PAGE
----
Jeff Mauro's Ultimate Recipe Hack For Leftover Halloween Candy - Exclusive

Whether you're all about pumpkin carving and cute little ghosts or you go all in for the horror and gore, there's one thing we can all come together and celebrate when Halloween rolls around: the excuse to chow down on as much candy as your heart desires. Even if you outgrew trick-or-treating ages ago, that doesn't mean there isn't something nostalgic and satisfying about tearing into a handful (or two) of your favorite miniature wrapped candies.

That's true in Jeff Mauro's house, at least. The co-host of Food Network's "The Kitchen" says he and his family live for Halloween. Even though at his house, "we have transcended trick-or-treating," he said, they go "all out" for the holiday, adding, "It is insane how much I care about it." Of course, that still includes collecting mounds and mounds of candy.

That means Mauro is probably not immune to the post-Halloween dilemma we've all faced when the candy coma kicks in and you know you've reached your sugar intake limit. What do you do with all that leftover candy? In an exclusive interview with Tasting Table, Mauro shared his favorite way to use up leftover Halloween treats — and it also happens to be one of his favorite recipes. Grab your stash and get ready to take your sweet tooth to a whole other level.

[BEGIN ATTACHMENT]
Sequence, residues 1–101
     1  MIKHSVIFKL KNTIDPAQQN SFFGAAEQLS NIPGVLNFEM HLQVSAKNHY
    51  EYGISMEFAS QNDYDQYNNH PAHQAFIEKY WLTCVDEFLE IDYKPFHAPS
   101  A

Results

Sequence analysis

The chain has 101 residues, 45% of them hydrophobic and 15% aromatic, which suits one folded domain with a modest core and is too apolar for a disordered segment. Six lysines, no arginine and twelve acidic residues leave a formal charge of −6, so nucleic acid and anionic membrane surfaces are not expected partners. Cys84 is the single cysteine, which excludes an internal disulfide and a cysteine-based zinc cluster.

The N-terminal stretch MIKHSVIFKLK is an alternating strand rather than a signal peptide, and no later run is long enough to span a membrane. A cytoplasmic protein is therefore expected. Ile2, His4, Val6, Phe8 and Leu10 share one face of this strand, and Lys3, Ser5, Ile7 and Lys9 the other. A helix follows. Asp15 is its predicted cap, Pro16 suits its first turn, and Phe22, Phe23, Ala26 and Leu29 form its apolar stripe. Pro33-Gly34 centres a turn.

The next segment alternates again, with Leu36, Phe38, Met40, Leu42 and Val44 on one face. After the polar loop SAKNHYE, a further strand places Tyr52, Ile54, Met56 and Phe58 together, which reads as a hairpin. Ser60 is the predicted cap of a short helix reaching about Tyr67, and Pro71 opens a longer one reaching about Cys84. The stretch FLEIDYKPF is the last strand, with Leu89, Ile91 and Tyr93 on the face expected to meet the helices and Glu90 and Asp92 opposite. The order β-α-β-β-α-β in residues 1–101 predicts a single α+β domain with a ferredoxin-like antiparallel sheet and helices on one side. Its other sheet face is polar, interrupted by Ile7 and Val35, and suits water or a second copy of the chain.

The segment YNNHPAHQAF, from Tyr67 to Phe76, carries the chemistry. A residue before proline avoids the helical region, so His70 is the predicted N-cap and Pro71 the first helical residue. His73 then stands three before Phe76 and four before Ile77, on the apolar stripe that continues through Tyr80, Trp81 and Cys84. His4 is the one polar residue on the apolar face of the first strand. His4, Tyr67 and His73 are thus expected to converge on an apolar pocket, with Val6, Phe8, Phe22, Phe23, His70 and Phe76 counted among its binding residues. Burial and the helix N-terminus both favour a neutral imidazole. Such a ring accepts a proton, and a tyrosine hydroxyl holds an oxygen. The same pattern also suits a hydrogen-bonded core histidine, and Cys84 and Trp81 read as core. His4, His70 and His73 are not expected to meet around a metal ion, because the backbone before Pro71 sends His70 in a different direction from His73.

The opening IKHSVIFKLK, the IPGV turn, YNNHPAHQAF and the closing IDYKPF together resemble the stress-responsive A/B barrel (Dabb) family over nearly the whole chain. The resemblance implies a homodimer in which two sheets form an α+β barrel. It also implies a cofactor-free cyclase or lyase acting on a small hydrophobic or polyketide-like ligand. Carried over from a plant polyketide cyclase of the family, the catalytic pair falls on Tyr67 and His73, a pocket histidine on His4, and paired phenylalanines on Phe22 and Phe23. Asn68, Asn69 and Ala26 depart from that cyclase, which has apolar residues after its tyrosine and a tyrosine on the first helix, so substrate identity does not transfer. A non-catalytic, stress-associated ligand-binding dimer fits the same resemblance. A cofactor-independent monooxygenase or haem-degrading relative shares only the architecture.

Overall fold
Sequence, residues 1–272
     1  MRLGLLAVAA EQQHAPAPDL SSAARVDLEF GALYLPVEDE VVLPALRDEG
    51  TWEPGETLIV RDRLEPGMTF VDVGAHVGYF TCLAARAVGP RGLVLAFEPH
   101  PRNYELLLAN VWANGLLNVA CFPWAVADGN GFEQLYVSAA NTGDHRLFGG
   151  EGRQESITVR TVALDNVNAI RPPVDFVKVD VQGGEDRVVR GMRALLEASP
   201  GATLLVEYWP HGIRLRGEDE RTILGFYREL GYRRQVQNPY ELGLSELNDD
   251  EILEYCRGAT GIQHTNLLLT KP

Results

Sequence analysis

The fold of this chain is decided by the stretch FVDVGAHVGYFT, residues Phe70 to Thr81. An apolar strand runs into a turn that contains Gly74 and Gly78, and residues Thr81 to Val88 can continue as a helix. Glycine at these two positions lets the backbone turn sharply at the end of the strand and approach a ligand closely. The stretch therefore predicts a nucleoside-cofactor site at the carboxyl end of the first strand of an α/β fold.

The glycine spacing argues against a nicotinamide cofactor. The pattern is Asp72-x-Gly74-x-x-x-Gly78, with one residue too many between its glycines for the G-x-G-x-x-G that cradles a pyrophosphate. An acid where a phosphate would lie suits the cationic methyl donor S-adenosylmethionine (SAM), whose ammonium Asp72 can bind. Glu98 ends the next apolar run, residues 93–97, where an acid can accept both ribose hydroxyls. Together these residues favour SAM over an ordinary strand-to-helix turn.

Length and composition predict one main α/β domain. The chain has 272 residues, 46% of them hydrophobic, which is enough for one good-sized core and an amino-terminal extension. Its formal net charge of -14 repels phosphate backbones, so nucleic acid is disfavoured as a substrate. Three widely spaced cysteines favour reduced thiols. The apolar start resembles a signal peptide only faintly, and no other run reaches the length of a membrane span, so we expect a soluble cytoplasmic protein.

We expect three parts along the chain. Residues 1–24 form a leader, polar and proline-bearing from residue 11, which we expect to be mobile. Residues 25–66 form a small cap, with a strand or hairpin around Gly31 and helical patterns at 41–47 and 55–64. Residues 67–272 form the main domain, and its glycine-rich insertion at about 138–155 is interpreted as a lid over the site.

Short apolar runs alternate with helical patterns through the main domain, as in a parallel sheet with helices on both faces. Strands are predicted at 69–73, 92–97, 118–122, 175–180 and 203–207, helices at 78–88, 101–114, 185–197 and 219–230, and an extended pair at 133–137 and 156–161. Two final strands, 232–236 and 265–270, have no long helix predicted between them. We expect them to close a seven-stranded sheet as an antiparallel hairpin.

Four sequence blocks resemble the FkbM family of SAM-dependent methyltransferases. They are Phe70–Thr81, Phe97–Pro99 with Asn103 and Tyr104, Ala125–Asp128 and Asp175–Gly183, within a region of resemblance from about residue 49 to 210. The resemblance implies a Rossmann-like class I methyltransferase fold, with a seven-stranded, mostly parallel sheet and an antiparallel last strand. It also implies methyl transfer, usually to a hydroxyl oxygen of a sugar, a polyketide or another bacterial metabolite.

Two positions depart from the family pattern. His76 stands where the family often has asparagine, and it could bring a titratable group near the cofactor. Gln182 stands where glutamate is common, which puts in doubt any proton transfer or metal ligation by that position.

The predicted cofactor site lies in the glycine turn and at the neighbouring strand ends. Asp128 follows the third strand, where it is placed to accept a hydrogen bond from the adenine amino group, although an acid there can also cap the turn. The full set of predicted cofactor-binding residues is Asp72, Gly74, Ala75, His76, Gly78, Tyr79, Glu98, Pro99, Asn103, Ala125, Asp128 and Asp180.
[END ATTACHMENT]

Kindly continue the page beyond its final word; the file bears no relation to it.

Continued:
Put your candy to good use to make Jeff Mauro's favorite cookie

When you've had your fill and the thought of another Snickers or Kit-Kat or Reese's (oh my!) feels like a trick more than a treat, then save your appetite and make Jeff Mauro's recipe for Candy Bucket Cookies, which is available on Food Network. Mauro himself called them "legendary" when speaking to Tasting Table, adding, "It's my favorite cookie of the year."

The recipe is so easy it's scary. Simply "chop up all the appropriate candy," which in Mauro's case includes "Snickers, Reese's, and Butterfingers." He made sure to mention that not all Halloween candy works for these cookies, insisting, "You don't want to put gummies in there — you don't want to put sugary Sprees or Dum Dums, stuff like that." But if you use "your favorite chocolate based-candies," you can't go wrong.

The candy gets folded into a very basic "foundation cookie recipe that holds all those wonderfully." You won't need much beyond the basics of butter, flour, sugar, and vanilla. The dough gets scooped out onto a baking sheet, and 15 minutes later, you'll have cookies so good that you might even get your holidays confused and think Christmas came early.

You can see Jeff Mauro, the whole cast of "The Kitchen," and so much more at the 2022 Food Network New York City Wine and Food Festival presented by Capital One on October 13-16. Click here to learn more.